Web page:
Paul Celan

A Poet in Exile

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Writer, Translator, Communicator


In addition to writing poetry, Celan translated the works of other poets, among them Emily Dickinson and Osip Mandelstam, into German. Celan felt a particular kinship with the Russian Mandelstam, who, like himself, was a Jewish poet writing within the framework of a decidedly non-Jewish literary tradition. Gershom Sholem, Walter Benjamin, Theodor Adorno, and especially Franz Kafka were some of the Jewish thinkers and writers from whom Celan drew inspiration, and he counted Nobel laureate Nelly Sachs, the German-Jewish poet and dramatist, as a close friend.

While Celan often referred to Jewish themes in his poems, such as exile and redemption, he disliked being categorized as a specifically Jewish poet. And yet there was no escaping his Jewishness. Indeed, the scholar and translator John Felstiner discovered among the poet’s final writings what he described as “pained scrawlings” of the fundamental Jewish expression of faith, the Shema, in Hebrew. Felstiner titled his acclaimed biography of the poet Paul Celan: Poet, Survivor, Jew; all three, it appears, were defining aspects of Celan's poetry and person.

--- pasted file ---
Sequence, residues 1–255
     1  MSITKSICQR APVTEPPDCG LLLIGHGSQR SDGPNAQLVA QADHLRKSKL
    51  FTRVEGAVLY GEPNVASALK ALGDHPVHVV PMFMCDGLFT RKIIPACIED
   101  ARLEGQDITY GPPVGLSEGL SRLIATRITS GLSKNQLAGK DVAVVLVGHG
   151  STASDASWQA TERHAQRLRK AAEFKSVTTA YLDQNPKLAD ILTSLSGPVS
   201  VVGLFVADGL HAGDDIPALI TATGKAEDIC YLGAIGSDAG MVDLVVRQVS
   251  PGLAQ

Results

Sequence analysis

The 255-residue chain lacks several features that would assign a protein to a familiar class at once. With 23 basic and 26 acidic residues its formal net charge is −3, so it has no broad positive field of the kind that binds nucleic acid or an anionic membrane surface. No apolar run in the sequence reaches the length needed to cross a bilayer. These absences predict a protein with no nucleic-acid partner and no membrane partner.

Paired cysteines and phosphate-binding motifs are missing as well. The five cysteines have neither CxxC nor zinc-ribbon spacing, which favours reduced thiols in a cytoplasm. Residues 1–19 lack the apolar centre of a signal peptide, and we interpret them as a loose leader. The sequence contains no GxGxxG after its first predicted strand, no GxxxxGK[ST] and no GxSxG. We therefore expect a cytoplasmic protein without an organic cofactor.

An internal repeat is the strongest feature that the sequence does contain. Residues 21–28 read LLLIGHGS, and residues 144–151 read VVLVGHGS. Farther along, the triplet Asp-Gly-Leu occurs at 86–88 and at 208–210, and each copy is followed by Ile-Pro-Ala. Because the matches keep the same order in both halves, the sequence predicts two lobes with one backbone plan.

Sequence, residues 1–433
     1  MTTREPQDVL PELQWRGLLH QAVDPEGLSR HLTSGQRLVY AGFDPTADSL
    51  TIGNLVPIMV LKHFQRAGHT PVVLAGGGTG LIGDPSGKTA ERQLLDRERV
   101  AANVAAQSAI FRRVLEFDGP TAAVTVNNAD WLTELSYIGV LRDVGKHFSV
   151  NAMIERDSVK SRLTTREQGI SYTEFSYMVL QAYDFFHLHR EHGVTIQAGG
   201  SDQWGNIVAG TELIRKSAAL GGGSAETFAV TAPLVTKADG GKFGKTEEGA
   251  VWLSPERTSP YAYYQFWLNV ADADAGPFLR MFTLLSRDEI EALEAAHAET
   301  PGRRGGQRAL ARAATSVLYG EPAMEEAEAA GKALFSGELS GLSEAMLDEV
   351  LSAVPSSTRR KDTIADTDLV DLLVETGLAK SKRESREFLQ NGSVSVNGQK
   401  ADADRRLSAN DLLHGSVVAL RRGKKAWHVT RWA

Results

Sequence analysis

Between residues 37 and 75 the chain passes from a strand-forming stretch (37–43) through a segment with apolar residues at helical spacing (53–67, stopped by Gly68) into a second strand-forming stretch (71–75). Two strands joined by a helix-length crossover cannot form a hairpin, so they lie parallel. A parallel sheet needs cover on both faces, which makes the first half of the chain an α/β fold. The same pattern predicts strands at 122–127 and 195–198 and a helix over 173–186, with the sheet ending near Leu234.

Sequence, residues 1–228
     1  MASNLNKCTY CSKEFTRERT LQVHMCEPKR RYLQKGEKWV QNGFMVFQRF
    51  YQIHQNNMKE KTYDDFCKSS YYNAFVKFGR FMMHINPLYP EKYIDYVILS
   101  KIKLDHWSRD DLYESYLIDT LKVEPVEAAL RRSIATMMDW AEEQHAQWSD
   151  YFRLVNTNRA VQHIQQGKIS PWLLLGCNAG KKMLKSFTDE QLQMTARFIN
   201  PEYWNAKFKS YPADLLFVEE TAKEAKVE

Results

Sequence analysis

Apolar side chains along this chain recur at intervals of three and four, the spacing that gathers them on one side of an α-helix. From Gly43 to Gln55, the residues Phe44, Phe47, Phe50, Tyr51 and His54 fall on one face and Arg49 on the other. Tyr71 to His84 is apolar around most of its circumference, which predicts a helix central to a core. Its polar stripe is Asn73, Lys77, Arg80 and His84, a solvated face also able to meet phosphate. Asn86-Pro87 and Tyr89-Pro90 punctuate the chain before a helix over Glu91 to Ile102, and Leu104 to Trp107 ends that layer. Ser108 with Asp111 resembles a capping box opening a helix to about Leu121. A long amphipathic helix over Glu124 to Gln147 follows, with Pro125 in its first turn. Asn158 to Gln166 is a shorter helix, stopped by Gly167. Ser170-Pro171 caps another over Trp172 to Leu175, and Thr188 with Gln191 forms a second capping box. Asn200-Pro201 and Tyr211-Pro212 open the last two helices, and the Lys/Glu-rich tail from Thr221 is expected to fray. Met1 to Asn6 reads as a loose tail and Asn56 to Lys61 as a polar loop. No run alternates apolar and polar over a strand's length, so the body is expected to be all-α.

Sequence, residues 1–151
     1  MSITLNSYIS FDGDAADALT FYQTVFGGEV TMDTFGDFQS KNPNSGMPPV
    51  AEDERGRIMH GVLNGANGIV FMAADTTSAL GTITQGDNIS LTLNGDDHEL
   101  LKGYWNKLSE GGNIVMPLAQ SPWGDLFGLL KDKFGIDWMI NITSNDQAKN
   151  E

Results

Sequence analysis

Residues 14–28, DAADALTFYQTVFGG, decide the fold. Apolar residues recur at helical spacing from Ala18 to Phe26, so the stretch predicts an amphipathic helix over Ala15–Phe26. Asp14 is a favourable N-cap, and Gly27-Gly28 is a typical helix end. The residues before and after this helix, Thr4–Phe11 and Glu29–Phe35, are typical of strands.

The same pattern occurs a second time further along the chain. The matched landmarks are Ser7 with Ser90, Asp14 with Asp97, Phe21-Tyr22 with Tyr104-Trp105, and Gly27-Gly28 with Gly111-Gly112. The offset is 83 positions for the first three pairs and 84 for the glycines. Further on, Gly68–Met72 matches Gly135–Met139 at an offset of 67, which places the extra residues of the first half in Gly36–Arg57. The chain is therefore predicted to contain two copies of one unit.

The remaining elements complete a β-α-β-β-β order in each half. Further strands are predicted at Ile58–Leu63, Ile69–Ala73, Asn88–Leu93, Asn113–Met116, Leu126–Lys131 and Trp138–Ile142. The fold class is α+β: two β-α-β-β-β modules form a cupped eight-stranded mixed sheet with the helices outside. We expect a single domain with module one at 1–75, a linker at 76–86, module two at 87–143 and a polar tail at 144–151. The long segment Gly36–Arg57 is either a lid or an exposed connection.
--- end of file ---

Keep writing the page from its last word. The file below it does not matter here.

Particularly intriguing was Celan's ambiguous relationship with the German philosopher Martin Heidegger, a one-time member of the Nazi party. Celan had studied Heidegger’s work, which he greatly admired, and Heidegger had followed Celan’s poetry for some time. The two met for the first and only time in 1966, when Celan gave a reading at Freiburg University, which Heidegger attended. After the reading, Heidegger invited the poet to his home. The meeting inspired Celan’s poem "Todtnauberg" (literally "Death Mountain"), named for the location of Heidegger's residence:

The poem seems to indicate a desire, on the part of Celan, for some sort of explanation, an apology, a confession of guilt, perhaps, from the philosopher:

a hope, today,
for a thinker's
word
to come
in the heart.


It is not known what transpired during the meeting, but the poem suggests that Celan did not receive the hoped-for explanation.

Exile & Redemption


After the war, Celan went on to live as an expatriate in Paris--a Jew among gentiles, a German among the French. In Paris, he met and married the graphic artist Gisèle Lestrange, a non-Jew. The couple had one son, Eric.

Though he visited Israel later in life, and considered the possibility of immigrating to the Jewish state, Celan said he ultimately saw himself as "perhaps one of the last who must live out to the end the destiny of the Jewish spirit in Europe."

Celan may have seen in his work an opportunity to redeem the German language--which he so loved--from the depravations of Nazism. More likely, though, he simply could not imagine tearing himself away from his poetry. As he once pointed out: "There is nothing on earth that can prevent a poet from writing, not even the fact that he's Jewish and German is the language of his poems."

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Shoshana Olidort

Shoshana Olidort is a freelance writer based in New York. Her work has appeared in the Forward, Ha'aretz, Pleiades and The American Book Review, among other publications.